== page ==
Counting today, there are 10 days left until the end of classes.
Seven school days, specifically.
If you, like the average UT student, take 15 hours a week, then you have 21 hours of class left for the 2014 Spring Semester: 1,260 minutes; 75,600 seconds.
And then – we have exams.
As the final days of school pounce upon us, you may feel as if there are way too many sources to research, outlines to write, papers to re-write (OK, maybe that's just us English majors, but you get the idea).
Whatever your major, this end is going to take a major amount of your time; while it may seem daunting, I'd like to offer you alternative perspectives on time that might offer your mind relief as we near the future and experience these final moments.
Presentism is a theory of time first noted by St. Augustine. He stated that time is a knife-edge in between the past and the future and cannot exist for a perceived period of time. In retrospect, this seems understandable, because if the present were extended then it would naturally take upon parts, before and after.
Buddhist Presentism philosophy arrives at the same idea: the past is unreal, the future is unreal and ultimately, the only thing that is real is the present moment of physical efficiency.
This philosophy can help us through these final weeks. Consider focusing on what is at hand, not what has happened with our past test grades or what might happen with our future test grades. Instead, focus on the present moment, the only truth at hand. Take every moment as it comes, giving it your most honest effort.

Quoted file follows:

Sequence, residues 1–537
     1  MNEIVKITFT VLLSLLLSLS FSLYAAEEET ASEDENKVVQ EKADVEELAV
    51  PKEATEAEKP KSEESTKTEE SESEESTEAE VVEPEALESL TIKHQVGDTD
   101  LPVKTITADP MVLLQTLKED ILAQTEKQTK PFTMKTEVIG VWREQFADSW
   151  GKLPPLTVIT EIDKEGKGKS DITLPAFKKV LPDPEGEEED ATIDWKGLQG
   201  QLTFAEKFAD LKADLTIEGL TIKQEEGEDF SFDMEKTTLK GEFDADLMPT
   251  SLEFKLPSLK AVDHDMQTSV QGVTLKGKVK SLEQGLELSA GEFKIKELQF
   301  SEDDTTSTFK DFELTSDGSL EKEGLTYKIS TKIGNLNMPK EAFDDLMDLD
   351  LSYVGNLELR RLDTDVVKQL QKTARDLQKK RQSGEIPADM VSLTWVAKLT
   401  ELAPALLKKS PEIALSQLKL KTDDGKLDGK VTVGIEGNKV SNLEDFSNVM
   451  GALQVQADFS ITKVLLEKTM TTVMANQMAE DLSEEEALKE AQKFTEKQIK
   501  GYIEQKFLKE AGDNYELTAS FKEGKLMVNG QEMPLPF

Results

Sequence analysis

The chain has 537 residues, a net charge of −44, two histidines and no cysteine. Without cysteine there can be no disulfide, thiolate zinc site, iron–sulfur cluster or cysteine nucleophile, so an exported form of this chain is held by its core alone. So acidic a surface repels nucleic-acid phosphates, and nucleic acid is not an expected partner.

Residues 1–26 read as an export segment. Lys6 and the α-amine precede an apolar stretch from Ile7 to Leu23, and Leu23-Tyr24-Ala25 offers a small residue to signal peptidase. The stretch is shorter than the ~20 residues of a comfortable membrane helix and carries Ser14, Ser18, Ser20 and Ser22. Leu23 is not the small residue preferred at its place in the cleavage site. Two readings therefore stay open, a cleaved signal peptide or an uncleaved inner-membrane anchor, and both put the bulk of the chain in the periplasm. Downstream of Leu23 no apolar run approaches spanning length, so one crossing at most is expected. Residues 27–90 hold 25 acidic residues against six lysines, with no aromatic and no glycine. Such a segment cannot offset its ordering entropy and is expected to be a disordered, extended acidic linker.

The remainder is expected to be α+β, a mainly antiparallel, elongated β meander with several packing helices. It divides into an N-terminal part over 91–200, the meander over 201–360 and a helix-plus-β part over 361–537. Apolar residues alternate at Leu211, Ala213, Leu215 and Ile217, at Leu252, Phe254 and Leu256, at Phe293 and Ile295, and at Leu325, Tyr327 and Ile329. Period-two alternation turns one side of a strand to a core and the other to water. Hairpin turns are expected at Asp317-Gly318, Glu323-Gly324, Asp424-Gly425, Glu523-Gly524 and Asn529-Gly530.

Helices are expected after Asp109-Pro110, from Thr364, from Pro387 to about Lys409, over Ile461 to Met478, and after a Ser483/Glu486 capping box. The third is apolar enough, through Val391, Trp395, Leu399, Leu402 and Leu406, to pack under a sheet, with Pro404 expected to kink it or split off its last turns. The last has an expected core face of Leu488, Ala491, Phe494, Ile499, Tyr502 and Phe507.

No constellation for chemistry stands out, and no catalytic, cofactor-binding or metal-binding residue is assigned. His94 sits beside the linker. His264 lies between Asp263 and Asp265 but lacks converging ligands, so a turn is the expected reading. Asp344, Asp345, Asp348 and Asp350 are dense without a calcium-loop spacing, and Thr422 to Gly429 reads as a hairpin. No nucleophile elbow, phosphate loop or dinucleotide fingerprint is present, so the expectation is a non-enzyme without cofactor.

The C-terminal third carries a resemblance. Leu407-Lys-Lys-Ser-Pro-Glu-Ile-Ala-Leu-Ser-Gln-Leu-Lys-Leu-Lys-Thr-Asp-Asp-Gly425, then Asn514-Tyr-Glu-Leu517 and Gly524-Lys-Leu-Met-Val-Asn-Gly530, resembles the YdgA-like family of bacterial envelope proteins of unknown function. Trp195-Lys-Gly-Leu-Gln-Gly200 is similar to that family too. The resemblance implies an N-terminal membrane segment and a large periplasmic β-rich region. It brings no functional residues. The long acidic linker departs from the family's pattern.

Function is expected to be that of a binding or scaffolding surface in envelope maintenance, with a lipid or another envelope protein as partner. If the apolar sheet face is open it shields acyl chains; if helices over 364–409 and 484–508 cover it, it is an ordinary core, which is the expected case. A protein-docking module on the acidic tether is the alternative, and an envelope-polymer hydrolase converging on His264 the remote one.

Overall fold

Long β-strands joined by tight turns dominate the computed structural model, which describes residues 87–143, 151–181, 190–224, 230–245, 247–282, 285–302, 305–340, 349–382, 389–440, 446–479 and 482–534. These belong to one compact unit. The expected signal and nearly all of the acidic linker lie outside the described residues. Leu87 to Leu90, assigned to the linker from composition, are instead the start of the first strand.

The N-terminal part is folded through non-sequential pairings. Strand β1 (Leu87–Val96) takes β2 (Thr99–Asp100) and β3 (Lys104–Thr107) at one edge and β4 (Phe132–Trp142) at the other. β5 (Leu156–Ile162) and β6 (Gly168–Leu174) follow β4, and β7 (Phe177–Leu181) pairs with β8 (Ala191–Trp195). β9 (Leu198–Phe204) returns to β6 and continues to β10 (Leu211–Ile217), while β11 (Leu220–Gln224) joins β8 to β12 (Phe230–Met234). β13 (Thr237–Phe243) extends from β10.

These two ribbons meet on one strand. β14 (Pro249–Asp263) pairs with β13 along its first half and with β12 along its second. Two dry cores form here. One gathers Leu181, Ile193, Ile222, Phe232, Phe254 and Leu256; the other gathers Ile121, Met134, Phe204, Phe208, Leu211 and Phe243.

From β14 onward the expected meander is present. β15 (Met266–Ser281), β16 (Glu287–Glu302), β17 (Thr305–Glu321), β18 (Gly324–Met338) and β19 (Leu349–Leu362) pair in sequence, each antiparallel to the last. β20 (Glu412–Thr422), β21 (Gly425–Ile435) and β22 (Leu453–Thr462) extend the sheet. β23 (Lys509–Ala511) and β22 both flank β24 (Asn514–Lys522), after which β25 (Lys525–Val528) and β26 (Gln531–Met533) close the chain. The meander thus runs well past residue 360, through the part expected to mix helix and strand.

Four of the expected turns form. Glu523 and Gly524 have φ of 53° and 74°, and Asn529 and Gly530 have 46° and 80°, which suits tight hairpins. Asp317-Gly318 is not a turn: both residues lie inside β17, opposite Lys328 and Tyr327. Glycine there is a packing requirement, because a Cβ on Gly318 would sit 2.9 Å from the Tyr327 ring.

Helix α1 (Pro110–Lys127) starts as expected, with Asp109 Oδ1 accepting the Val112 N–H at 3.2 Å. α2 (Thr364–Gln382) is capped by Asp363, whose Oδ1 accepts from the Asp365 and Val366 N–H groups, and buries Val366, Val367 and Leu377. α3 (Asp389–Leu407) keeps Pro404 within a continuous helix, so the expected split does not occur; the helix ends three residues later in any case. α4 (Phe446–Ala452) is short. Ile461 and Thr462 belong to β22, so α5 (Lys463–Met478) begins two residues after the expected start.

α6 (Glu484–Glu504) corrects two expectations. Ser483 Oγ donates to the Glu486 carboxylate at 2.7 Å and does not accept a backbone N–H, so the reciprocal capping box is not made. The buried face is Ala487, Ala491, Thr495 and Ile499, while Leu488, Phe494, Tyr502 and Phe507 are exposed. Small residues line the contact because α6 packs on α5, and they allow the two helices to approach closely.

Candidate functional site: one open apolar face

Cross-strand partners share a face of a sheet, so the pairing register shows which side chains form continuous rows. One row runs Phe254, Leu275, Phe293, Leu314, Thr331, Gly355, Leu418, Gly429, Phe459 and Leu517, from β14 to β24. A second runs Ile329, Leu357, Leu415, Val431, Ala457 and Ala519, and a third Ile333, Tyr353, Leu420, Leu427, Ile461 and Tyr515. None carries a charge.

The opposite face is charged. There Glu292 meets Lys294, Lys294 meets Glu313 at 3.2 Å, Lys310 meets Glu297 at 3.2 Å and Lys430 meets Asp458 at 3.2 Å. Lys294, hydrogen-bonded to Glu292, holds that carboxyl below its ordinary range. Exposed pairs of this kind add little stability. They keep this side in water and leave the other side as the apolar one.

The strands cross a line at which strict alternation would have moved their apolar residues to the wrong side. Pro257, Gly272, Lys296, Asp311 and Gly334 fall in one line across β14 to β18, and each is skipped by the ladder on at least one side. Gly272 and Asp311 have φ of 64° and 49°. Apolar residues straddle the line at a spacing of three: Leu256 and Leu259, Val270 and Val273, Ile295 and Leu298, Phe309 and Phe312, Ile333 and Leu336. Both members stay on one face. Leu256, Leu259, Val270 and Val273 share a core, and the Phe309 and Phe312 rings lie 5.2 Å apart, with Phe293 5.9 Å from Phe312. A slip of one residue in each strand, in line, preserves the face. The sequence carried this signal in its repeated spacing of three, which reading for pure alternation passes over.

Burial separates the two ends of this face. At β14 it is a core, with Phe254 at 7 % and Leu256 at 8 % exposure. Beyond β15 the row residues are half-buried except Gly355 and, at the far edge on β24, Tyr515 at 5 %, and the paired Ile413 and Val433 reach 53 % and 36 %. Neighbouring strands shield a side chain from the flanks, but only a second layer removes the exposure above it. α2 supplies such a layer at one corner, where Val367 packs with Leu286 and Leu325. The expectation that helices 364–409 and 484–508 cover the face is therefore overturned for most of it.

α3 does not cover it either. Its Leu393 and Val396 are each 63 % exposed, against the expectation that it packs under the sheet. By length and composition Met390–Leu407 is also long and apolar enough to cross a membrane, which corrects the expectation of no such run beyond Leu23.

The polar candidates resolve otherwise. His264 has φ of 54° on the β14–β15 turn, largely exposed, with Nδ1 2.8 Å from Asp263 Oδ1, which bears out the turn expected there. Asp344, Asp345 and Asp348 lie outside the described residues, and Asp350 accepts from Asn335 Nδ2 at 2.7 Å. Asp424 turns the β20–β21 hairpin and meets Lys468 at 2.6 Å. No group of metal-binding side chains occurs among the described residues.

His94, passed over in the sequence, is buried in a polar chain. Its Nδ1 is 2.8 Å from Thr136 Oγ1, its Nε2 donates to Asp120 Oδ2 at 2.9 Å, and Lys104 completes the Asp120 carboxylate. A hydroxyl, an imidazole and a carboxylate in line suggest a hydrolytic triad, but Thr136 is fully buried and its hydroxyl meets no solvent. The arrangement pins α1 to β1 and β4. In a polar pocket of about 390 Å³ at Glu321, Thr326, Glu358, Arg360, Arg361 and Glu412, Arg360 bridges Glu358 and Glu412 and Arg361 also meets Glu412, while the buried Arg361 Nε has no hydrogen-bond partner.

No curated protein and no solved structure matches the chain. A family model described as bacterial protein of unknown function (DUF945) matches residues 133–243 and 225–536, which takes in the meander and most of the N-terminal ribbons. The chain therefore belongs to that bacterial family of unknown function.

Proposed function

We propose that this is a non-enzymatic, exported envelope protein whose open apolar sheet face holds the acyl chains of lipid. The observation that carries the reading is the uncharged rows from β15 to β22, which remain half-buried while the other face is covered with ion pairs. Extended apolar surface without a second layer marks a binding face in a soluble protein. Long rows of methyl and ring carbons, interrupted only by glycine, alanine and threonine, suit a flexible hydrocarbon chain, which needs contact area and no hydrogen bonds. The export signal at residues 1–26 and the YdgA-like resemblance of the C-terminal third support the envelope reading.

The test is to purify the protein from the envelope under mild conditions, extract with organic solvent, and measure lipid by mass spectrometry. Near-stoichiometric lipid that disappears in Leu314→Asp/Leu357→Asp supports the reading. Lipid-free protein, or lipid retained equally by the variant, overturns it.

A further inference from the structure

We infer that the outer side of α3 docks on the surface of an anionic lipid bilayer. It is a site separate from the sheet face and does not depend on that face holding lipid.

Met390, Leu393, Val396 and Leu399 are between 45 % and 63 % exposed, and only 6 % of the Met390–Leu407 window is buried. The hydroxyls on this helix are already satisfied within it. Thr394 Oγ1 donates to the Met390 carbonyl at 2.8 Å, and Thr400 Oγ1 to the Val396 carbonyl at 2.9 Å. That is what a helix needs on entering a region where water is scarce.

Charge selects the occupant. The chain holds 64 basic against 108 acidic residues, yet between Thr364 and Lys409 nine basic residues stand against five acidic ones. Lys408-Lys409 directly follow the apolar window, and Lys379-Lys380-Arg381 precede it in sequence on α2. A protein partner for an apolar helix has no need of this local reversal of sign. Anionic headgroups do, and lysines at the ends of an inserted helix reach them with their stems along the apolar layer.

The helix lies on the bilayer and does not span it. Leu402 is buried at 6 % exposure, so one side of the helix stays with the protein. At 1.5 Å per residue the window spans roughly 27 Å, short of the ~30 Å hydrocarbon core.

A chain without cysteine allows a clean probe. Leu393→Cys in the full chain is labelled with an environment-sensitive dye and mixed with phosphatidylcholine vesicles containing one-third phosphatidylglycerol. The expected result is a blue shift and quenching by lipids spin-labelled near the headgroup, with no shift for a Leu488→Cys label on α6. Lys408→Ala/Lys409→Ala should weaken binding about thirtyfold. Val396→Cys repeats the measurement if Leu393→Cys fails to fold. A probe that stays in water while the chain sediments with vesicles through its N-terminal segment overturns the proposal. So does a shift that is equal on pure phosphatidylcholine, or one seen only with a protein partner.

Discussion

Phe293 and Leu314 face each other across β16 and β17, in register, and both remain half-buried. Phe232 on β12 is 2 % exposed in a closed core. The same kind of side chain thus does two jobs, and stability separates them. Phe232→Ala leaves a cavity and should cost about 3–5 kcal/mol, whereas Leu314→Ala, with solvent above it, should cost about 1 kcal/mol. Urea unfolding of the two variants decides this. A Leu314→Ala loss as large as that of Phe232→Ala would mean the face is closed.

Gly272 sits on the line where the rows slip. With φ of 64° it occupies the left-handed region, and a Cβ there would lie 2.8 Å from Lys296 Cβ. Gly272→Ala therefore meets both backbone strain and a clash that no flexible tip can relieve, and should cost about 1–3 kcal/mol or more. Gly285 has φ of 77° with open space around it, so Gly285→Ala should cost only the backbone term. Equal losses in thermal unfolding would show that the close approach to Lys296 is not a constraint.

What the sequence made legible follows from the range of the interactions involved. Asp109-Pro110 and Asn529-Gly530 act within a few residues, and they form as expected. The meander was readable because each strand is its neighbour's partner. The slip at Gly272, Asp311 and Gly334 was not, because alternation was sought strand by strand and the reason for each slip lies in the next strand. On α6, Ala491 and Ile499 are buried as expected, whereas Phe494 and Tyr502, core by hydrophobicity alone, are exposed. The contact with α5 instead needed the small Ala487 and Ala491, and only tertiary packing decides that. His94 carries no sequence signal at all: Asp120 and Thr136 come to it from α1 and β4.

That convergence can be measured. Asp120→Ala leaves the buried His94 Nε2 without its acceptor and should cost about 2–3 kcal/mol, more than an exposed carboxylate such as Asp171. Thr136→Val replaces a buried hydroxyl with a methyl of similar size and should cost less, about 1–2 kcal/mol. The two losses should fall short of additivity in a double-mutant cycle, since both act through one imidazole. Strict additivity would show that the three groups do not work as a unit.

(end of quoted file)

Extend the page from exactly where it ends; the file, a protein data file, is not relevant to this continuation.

Another perspective that might suit your fancy is actually the exact opposite of Presentism, called Externalism. It is the belief that all time exists at the same time, as if layered upon one another. In externalism, the present is simply the perspective of the observer.
This idea can be calming, satisfying – it can offer relief.
Think about it: in externalism, we have already completed the end. All we must do is realign our perspective and experience (in our minds) the conclusion of our trials. Perception is reality, so if you can perceive something, it must be real on some level. Escaping from the reality that we currently perceive is as easy as perceiving something else.
Of course, we must eventually return to the present, but hopefully we will return with the motivation to work hard and earn these joyous feelings of freedom and completion.
Externalism not your thing? Maybe instead of altering your perspective on time, you should work on changing the force of time itself.
In this illuminating view of time, to make time more useful, think of it in correlation to the speed of light. As Albert Einstein calculated, if the speed of light was reached, time would stop. So, on a much smaller level, the faster you move, the slower time goes. Maybe all it is going to take for you to finish up the rest of this semester is to move fast enough so that you'll make more time for yourself.
And if that's too much of a stretch of science for you, consider one truth that we can all relate to: if you never stop moving, never stop going, and never stop working, you're going to create a time and space in which you accomplish things beyond your imagination.
Julie Mrozinski is a junior in English. She can be reached at firstname.lastname@example.org.